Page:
By Andrey Dashkov, analyst, Casey Research

Andrey Dashkov

Severe droughts.

An unprecedented heatwave.

And a 6.8-magnitude, deadly earthquake.

These are some of the latest blows Sichuan, a southwestern region in China, was hit by in just the past month.

Besides endangering hundreds of millions of people, the tragic events are also negatively impacting factory production across the region.

Sichuan is a major manufacturing hub for the electric vehicle (EV) sector and home to many of Tesla’s suppliers.

As a result, these disasters are affecting global supply chains and causing a crisis in the battery metals market.

In a moment, I’ll tell you how China’s droughts are triggering a shift in the battery metals industry, and the ways you can take advantage…

Battery Metals Prices Are Surging

When it comes to electric vehicles, there’s no such thing as “battery-grade” or “pure” lithium. Or nickel, or cobalt.

These are just metals. 100% “pure” lithium can’t go straight into an EV battery. Neither can others.

This is what a lot of investors misunderstand.

Lithium companies don’t produce the stuff that goes into electric vehicles.

Instead, lithium miners send lithium to refineries and processors that produce lithium carbonate or lithium hydroxide.

These chemical compounds are what make up an EV battery.

And this is where China comes into the picture. It’s the country with the second largest refining capacity… but recently, its factories and production facilities shut down, or dramatically decreased momentum.

That’s because Sichuan, the province responsible for more than one-fifth of the country’s refining capacity, is battling an energy crisis.

Most of Sichuan’s electricity comes from hydro sources, fulfilling 80% of the province’s power demand. But the record high temperatures and historic droughts I mentioned earlier are drying up rivers.

When that happens, hydropower plants can’t produce much energy, significantly reducing the supply of electricity.

The result? Blackouts and power cuts that are shutting down factories. For example, the government of Sichuan suspended factory activity to reserve energy for residential use.

Following that, we’re seeing an uptick in the price of lithium carbonate and hydroxide, as well as cobalt sulfate and nickel sulfate. All of them grew between 2% and 9% in August, according to the latest Bloomberg data.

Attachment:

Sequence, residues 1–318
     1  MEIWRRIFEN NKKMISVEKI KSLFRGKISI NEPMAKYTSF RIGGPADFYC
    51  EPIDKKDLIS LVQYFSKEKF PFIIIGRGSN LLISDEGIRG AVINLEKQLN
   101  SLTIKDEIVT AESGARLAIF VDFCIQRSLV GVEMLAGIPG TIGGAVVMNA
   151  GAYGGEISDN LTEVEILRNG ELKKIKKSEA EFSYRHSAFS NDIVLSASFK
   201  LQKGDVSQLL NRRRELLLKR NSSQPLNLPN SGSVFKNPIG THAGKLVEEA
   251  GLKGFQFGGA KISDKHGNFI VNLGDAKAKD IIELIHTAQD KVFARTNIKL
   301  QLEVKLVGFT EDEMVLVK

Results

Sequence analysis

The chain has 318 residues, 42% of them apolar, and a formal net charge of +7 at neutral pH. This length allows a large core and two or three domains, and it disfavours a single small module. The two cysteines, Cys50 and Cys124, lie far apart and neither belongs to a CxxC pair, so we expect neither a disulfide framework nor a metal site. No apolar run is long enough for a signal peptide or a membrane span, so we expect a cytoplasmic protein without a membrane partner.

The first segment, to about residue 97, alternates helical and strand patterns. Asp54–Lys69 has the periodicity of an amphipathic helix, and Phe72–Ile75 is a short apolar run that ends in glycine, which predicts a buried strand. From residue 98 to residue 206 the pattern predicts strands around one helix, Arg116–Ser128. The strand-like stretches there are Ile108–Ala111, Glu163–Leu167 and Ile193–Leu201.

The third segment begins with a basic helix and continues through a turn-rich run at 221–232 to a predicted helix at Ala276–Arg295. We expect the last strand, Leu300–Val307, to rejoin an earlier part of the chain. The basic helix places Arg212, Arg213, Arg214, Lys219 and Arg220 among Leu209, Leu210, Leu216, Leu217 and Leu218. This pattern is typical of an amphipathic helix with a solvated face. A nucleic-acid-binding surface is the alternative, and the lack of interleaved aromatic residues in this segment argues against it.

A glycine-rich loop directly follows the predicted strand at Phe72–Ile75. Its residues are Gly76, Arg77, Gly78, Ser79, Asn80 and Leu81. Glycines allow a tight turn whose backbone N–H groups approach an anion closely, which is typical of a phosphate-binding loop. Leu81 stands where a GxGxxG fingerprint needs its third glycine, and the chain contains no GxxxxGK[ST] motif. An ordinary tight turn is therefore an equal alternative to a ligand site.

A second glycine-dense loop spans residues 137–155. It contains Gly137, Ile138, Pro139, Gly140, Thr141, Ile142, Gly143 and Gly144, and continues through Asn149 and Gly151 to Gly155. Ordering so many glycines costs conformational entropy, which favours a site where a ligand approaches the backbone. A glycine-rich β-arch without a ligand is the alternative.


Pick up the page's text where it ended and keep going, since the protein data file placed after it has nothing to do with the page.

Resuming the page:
Compared to 2021, battery metals prices are still showing record growth, despite coming off their March peaks.

These energy crises and supply-chain disruptions aren’t easy to resolve. Even when these supply pressures ease, prices could stay elevated for a while as production capacity catches up with demand.

Profit From Locally Made Battery Metals

The drought in Sichuan sending battery metals prices soaring highlights China’s oversized influence in the battery metals market.

The U.S. government, naturally, wants to find a solution to this reliance. 

And that means producing battery metals locally.

Right now, the U.S. and Canada refine about 3% of global lithium and cobalt. China refines 59%.

The gap is too wide. That’s why by 2030, the U.S. and Canada aim to more than double their share, to about 7%. They will do this through both public and private investing.

New refineries will solve a strategic problem…

But they will also be immensely profitable.

Earlier this week, we published the latest issue of The Super Spike Advisory – our premium research service focused on commodities.

In it, we provided an update on an early-stage mining company planning to produce one of the battery metals compounds outside of China.

This company has the potential to become one of the biggest players in the North American EV supply chain… It’s one of the most exciting opportunities I’ve seen in years.

I encourage you to check out The Super Spike Advisory and learn more about it.

Good investing,


Andrey Dashkov
Analyst, Casey Research